Harvest and post-harvest loss of India's major agricultural produce is estimated at Rs 92,651 crore ($13 billion), according to data published by the ministry of food processing industries.
Harvest and post-harvest loss of India’s major agricultural produce is estimated at Rs 92,651 crore ($13 billion), according to data published by the ministry of food processing industries.
The loss is almost three times as high as the new budget for the agriculture sector, which has seen an increase of 44 per cent from Rs 24,909 crore ($4 billion) in 2015-16 to Rs 35,984 crore ($5 billion) in 2016-17.
About 16 per cent of fruits of vegetables, valued at Rs 40,811 crore ($6 billion), were lost,according to an analysis of production data between 2012 and 2014, at wholesale prices, by the Central Institute of Post-Harvest Engineering and Technology, Ludhiana (Punjab).
An earlier government study from 2015 estimated that five per cent to 12 per cent of vegetables were lost.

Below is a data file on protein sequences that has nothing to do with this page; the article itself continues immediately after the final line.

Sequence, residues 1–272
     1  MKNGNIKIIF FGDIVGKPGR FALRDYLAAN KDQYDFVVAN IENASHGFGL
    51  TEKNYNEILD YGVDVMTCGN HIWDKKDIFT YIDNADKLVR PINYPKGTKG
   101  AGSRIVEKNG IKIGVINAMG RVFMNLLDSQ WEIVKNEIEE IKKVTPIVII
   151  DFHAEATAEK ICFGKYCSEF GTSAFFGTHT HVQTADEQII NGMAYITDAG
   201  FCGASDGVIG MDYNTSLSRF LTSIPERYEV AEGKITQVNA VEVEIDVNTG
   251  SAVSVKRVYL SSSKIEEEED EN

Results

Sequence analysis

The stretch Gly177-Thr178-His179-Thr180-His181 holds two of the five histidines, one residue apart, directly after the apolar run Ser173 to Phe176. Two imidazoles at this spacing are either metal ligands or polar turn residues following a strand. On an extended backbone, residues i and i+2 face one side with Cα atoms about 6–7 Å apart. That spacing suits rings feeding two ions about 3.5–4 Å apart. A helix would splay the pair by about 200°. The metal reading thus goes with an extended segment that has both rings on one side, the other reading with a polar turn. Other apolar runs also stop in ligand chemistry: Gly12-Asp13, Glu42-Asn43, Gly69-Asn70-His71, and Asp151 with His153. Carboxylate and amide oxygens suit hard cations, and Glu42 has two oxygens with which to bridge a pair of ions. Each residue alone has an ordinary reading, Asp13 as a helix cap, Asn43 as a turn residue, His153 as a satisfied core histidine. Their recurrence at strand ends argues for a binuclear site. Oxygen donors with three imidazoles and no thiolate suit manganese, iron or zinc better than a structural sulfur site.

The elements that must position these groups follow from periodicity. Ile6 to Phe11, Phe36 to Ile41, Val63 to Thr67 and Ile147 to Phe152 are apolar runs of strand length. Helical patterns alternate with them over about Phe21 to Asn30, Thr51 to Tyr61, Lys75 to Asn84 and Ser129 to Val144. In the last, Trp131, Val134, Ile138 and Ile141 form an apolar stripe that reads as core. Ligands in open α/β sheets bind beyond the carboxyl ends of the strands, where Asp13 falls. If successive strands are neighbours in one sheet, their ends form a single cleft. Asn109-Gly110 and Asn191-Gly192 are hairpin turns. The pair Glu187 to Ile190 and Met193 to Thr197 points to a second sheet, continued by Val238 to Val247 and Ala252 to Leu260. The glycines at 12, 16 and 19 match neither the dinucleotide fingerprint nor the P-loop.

The food processing ministry also reported that seven per cent of meat, valued at Rs 3,942 crore ($590 million), was lost, about 60 per cent during storage.
Almost 7,000 cold stores were created under four central programmes between 2007 and 2014 to curb supply chain losses. These projects cost Rs 2,395 crore ($358 million). An additional 609 projects have been sanctioned and subsidy of Rs 660 crore($99 million) provided between 2014 and 2016.
The National Centre for Cold-Chain Development, a government organisation, has suggested that too much money is being spent on cold storages.
Three of five components — pack houses, ripening chambers and reefer vehicles — in the cold chain are almost entirely without funding, the 2015 “All India Cold-chain Infrastructure Capacity (Assessment of Status and Gaps)” report said.
(11.08.2016 – In arrangement with IndiaSpend.org, a data-driven, non-profit, public interest journalism platform with whom Charlie Moloney is an intern. The views expressed are those of IndiaSpend. The author can be contacted at firstname.lastname@example.org)